that the same authors obtained in  for solving an equation like (2.1). In particular,
they prove that in the innite case, the eigenvalues are given by the formula (a +d +
b)/2, where runs over the quaternions i, j, k) with [[
2
= [[.
It is easy to see that the conditions in Theorem 2.3 above are sucient. In fact,
if a
0
= s and a
1
= t, s, t R, then the denition of eigenvalue leads to the equation
q
2
+ tq + s = 0 that, after the change p = q + t/2, gives p
2
= /4 < 0 which has
innite solutions p = (

/2), i, j, k), [[ = 1.
For the necessity of the conditions, we shall give an alternative proof. It exploits
an elegant method for the resolution of equations, proposed by De Leo et al. in  as
an improvement of a previous algorithm by Ser odio et al. 
3. The eigenvectors method. In order to facilitate the understanding of this
paper, we explicitly discuss in this section the algorithm of De Leo et al. cited above.
Electronic Journal of Linear Algebra ISSN 1081-3810
A publication of the International Linear Algebra Society
Volume 18, pp. 274-280, May 2009
http://math.technion.ac.il/iic/ela
ELA
276 E. Macas-Virg os and M.J. Pereira-Saez
Let
M =

a
1
a
0
1 0

be the so-called companion matrix of equation (2.1). Then

M

p
1

a
1
p a
0
p

p
2
p

p
1

p,
which shows that in order to nd the solutions, we have to look for right eigenvalues
p of M corresponding to eigenvectors of the precise form (p, 1). Accordingly to ,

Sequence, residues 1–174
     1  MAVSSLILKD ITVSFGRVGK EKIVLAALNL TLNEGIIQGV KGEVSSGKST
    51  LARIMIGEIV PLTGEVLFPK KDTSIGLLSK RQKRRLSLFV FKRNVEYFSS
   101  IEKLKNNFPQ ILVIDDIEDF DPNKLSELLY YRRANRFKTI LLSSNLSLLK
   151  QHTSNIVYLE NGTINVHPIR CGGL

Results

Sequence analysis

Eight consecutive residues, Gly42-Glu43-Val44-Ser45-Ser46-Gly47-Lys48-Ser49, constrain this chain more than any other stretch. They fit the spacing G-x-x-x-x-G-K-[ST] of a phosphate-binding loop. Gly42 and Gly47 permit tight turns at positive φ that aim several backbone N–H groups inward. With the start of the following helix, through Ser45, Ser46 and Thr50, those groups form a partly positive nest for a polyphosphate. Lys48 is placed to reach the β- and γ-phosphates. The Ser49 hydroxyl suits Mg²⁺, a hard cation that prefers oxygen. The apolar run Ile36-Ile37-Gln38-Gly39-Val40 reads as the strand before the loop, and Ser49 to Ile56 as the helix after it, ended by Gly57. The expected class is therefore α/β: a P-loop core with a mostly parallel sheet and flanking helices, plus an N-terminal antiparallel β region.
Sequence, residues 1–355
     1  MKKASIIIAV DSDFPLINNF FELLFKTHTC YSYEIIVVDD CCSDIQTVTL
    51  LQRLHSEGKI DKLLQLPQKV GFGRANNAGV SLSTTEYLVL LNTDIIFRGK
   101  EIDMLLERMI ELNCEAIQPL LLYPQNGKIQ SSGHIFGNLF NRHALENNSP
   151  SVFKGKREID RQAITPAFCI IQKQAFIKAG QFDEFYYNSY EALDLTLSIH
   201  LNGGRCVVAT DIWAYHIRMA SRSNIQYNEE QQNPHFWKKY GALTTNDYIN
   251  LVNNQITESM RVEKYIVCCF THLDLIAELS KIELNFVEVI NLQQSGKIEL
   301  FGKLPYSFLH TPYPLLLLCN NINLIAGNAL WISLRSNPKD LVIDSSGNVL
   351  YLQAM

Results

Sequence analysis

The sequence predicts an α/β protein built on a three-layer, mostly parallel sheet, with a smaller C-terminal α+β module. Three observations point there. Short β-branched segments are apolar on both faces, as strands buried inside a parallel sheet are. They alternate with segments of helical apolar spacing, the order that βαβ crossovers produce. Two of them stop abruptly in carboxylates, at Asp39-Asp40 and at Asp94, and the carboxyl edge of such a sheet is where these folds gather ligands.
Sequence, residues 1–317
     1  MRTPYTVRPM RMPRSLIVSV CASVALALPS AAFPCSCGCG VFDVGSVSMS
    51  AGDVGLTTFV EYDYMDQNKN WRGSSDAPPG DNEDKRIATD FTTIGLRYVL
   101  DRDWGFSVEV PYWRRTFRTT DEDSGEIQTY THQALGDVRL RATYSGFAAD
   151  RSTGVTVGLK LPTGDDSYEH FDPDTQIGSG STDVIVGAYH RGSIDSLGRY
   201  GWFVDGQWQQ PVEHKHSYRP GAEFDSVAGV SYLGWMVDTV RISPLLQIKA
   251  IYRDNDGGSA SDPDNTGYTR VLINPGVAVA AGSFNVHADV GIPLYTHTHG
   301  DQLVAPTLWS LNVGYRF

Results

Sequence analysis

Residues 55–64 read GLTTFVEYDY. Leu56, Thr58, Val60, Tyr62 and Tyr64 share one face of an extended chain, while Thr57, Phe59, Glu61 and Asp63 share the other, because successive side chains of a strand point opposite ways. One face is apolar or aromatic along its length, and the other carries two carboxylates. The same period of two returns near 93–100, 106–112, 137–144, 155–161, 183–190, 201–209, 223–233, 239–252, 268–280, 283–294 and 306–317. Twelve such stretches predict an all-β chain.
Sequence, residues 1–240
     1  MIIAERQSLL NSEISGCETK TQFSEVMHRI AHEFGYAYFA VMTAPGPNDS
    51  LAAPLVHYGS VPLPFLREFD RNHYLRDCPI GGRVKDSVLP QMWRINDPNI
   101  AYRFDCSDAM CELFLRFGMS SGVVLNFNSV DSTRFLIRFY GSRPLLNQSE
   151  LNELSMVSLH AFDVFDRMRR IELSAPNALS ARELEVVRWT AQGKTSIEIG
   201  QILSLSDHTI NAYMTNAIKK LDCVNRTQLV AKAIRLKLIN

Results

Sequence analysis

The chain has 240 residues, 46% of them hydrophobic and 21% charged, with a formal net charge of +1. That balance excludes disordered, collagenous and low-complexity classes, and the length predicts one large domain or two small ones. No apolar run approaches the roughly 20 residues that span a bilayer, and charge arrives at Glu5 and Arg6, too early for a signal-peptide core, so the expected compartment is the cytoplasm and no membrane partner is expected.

we shall call p a privileged right eigenvalue.
Right eigenvalues. The theory of right eigenvalues is well established [2, 9]. A
crucial point is that the eigenvectors associated to a given right eigenvalue do not
form a (right) H-vector space.
Proposition 3.1. Let be a right eigenvalue, and let v be a -eigenvector. Then
vq
1
is a qq
1
-eigenvector for any nonzero q H.
Proof. Since Mv = v, we have M(vq
1
) = vq
1
= vq
1
(qq
1
).
As a consequence, each eigenvector gives rise to a similarity class [] = qq
1
: q
H, q ,= 0 of right eigenvalues. Recall that two quaternions

, are similar if and

only if they have the same norm, [

[ = [[, and the same real part, '(

) = '(). In
particular, any quaternion is similar to a complex number and to its conjugate

.
Eigenvectors. So, in order to solve the equation (2.1), we rst need to nd the
complex right eigenvalues of the companion matrix M. These correspond to the
eigenvalues of the complexied 4 4 matrix

M and can be computed by solving the
characteristic equation det(

M I) = 0. Due to the structure of

M, its eigenvalues
appear in pairs
1
,

1
,
2
,

2
.
In order to compute the eigenvectors, let us consider the C-isomorphism
(z

, z) C
2
z

+ jz H. (3.1)
Proposition 3.2. (x

, x, y

, y) C
4
is a -eigenvector of the complexied matrix

M if and only if (x

+ jy

, x + jy) is a -eigenvector of M.
Equation solutions. Let M be the companion matrix of equation (2.1). Once
we have found a complex right eigenvalue of M and some -eigenvector (q

, q), we
observe that q

= q, due to the special form of M. Hence, by Proposition 3.1, the

Electronic Journal of Linear Algebra ISSN 1081-3810
A publication of the International Linear Algebra Society
Volume 18, pp. 274-280, May 2009
http://math.technion.ac.il/iic/ela
ELA
Left Eigenvalues of 2 2 Symplectic Matrices 277
vector

q
1
=

qq
1
1

is a qq
1
-eigenvector, that is, p = qq
1
is a privileged eigenvalue in the similarity
class [], and hence, it is the desired solution.
Notice that, by Proposition 3.1, two H-linearly dependent eigenvectors give rise
to the same privileged eigenvalue.